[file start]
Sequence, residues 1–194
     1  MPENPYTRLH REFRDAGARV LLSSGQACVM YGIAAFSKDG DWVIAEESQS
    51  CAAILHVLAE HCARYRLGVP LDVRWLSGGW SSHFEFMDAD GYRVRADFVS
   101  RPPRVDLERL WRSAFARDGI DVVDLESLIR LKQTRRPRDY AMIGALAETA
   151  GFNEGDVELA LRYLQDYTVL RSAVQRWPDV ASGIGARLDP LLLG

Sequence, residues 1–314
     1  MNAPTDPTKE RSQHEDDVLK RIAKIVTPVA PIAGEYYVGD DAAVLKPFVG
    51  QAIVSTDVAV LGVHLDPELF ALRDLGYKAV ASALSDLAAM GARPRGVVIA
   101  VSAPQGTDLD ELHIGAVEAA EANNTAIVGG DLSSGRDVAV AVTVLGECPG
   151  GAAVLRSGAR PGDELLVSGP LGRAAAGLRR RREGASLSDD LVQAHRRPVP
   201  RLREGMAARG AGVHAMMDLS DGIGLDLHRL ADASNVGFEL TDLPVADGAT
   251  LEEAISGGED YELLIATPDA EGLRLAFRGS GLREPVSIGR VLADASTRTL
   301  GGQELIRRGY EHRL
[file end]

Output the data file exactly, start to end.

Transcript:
Sequence, residues 1–194
     1  MPENPYTRLH REFRDAGARV LLSSGQACVM YGIAAFSKDG DWVIAEESQS
    51  CAAILHVLAE HCARYRLGVP LDVRWLSGGW SSHFEFMDAD GYRVRADFVS
   101  RPPRVDLERL WRSAFARDGI DVVDLESLIR LKQTRRPRDY AMIGALAETA
   151  GFNEGDVELA LRYLQDYTVL RSAVQRWPDV ASGIGARLDP LLLG

Sequence, residues 1–314
     1  MNAPTDPTKE RSQHEDDVLK RIAKIVTPVA PIAGEYYVGD DAAVLKPFVG
    51  QAIVSTDVAV LGVHLDPELF ALRDLGYKAV ASALSDLAAM GARPRGVVIA
   101  VSAPQGTDLD ELHIGAVEAA EANNTAIVGG DLSSGRDVAV AVTVLGECPG
   151  GAAVLRSGAR PGDELLVSGP LGRAAAGLRR RREGASLSDD LVQAHRRPVP
   201  RLREGMAARG AGVHAMMDLS DGIGLDLHRL ADASNVGFEL TDLPVADGAT
   251  LEEAISGGED YELLIATPDA EGLRLAFRGS GLREPVSIGR VLADASTRTL
   301  GGQELIRRGY EHRL